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    "by Libby Reinish - Published on Sep 16, 2014 10:53 AM LibrePlanet 2015 is coming! We're excited to announce that next year's conference will be held March 21-22, 2015 in Cambridge, MA. The Free Software Foundation is teaming up with the Student Information Processing Board at MIT once again to bring you a conference you won't want to miss."
Gonzalo San Gil, PhD.

'Piracy' That Creates Amazing New Music | Techdirt - 0 views

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    "from the here-we-go-again dept More than five years ago we first wrote about Kutiman, an Israeli musician who created an album of incredible new music simply by editing together a bunch of unrelated YouTube clips. "
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    "from the here-we-go-again dept More than five years ago we first wrote about Kutiman, an Israeli musician who created an album of incredible new music simply by editing together a bunch of unrelated YouTube clips. "
Gonzalo San Gil, PhD.

Court Lifts Overbroad "Piracy" Blockade of Mega and Other Sites | TorrentFreak | # The #IP #enforcement #Joke :/ - 0 views

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    " Ernesto on October 9, 2014 C: 0 News Mega and several other file-hosting services are accessible in Italy once again after a negotiated settlement with local law enforcement. Another unnamed site had to appeal its blockade in court but won its case after the court ruled that partial blocking of a specific URL is preferred over site-wide bans."
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    " Ernesto on October 9, 2014 C: 0 News Mega and several other file-hosting services are accessible in Italy once again after a negotiated settlement with local law enforcement. Another unnamed site had to appeal its blockade in court but won its case after the court ruled that partial blocking of a specific URL is preferred over site-wide bans."
Gonzalo San Gil, PhD.

Crypto wars redux: why the FBI's desire to unlock your private life must be resisted | Technology | theguardian.com - 1 views

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    "In 1995, the US government tried - and failed - to categorise encryption as a weapon. Today, the same lines are being drawn and the same tactics repeated as the FBI wants to do the same. Here's why they are wrong, and why they must fail again Cory Doctorow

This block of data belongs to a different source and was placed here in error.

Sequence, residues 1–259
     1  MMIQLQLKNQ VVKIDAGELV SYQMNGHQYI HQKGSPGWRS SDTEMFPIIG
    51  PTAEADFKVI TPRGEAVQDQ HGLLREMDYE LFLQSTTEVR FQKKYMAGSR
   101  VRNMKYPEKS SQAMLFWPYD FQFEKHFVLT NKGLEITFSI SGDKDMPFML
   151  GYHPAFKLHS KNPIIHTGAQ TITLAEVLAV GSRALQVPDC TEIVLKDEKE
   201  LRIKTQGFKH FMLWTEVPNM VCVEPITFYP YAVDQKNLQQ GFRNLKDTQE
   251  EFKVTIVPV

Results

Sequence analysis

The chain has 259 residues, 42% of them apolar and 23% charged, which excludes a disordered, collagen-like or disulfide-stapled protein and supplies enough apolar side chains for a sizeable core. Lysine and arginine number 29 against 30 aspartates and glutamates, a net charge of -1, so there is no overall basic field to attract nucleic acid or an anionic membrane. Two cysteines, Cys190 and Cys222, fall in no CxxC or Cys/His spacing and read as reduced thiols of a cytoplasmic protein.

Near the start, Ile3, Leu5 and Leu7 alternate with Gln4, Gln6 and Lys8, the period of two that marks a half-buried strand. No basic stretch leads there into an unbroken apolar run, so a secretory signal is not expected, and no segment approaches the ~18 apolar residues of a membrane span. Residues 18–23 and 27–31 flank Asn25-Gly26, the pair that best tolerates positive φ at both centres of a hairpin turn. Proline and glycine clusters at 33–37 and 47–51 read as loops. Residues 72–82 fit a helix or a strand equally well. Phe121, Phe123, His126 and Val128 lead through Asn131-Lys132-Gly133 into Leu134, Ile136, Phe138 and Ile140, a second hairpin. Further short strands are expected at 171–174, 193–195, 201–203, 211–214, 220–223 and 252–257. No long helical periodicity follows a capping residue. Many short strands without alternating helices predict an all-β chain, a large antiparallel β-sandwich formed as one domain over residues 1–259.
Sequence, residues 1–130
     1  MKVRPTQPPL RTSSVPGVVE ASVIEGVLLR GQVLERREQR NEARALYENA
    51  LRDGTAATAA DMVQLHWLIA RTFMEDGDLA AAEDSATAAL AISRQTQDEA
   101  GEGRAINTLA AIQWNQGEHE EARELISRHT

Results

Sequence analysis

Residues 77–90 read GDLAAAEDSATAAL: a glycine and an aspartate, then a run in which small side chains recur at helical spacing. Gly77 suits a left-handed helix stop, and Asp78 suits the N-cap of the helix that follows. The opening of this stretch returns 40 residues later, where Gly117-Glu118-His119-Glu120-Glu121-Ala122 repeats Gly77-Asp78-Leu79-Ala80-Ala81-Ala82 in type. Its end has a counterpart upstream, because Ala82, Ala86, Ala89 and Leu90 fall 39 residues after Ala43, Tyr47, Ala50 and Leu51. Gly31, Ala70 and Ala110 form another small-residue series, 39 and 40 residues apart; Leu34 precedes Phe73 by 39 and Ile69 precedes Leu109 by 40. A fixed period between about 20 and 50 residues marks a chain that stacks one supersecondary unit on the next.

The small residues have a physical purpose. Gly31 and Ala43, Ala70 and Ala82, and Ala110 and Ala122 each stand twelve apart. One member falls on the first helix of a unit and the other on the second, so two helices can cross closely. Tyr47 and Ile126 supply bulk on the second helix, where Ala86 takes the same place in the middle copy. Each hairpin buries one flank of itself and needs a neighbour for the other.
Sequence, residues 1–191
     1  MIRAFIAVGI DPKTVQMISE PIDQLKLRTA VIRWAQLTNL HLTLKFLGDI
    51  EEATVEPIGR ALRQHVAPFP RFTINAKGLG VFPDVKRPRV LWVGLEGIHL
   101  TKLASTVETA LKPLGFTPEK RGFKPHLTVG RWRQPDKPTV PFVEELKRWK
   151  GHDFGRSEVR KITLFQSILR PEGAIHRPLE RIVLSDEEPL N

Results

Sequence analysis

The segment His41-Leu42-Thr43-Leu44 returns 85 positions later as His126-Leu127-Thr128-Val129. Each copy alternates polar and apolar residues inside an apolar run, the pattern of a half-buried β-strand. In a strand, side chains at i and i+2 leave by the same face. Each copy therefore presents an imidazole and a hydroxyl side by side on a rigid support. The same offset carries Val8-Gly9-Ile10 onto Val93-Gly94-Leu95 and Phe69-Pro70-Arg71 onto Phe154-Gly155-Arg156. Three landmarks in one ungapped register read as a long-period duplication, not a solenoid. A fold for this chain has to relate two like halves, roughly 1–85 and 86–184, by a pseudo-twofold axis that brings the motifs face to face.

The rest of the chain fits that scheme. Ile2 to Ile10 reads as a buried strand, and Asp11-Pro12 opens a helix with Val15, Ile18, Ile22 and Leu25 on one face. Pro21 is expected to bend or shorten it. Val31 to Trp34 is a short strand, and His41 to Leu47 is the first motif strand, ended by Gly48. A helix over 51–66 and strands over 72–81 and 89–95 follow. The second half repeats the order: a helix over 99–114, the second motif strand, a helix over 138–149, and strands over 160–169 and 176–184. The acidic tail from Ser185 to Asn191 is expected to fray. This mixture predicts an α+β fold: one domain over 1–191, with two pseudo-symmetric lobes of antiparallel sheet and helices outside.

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    "In 1995, the US government tried - and failed - to categorise encryption as a weapon. Today, the same lines are being drawn and the same tactics repeated as the FBI wants to do the same. Here's why they are wrong, and why they must fail again Cory Doctorow
Paul Merrell

Senate majority whip: Cyber bill will have to wait until fall | TheHill - 0 views

  • Senate Majority Whip John Cornyn (R-Texas) on Tuesday said the upper chamber is unlikely to move on a stalled cybersecurity bill before the August recess.Senate Republican leaders, including Cornyn, had been angling to get the bill — known as the Cybersecurity Information Sharing Act (CISA) — to the floor this month.ADVERTISEMENTBut Cornyn said that there is simply too much of a time crunch in the remaining legislative days to get to the measure, intended to boost the public-private exchange of data on hackers.  “I’m sad to say I don’t think that’s going to happen,” he told reporters off the Senate floor. “The timing of this is unfortunate.”“I think we’re just running out time,” he added.An aide for Senate Majority Leader Mitch McConnell (R-Ky.) said he had not committed to a specific schedule after the upper chamber wraps up work in the coming days on a highway funding bill.Cornyn said Senate leadership will look to move on the bill sometime after the legislature returns in September from its month-long break.
  • The move would delay yet again what’s expected to be a bruising floor fight about government surveillance and digital privacy rights.“[CISA] needs a lot of work,” Sen. Patrick Leahy (D-Vt.), who currently opposes the bill, told The Hill on Tuesday. “And when it comes up, there’s going to have to be a lot of amendments otherwise it won’t pass.”Despite industry support, broad bipartisan backing, and potentially even White House support, CISA has been mired in the Senate for months over privacy concerns.Civil liberties advocates worry the bill would create another venue for the government’s intelligence wing to collect sensitive data on Americans only months after Congress voted to rein in surveillance powers.But industry groups and many lawmakers insist a bolstered data exchange is necessary to better understand and counter the growing cyber threat. Inaction will leave government and commercial networks exposed to increasingly dangerous hackers, they say.Sen. Ron Wyden (D-Ore.), who has been leading the chorus opposing the bill, rejoiced Tuesday after hearing of the likely delay.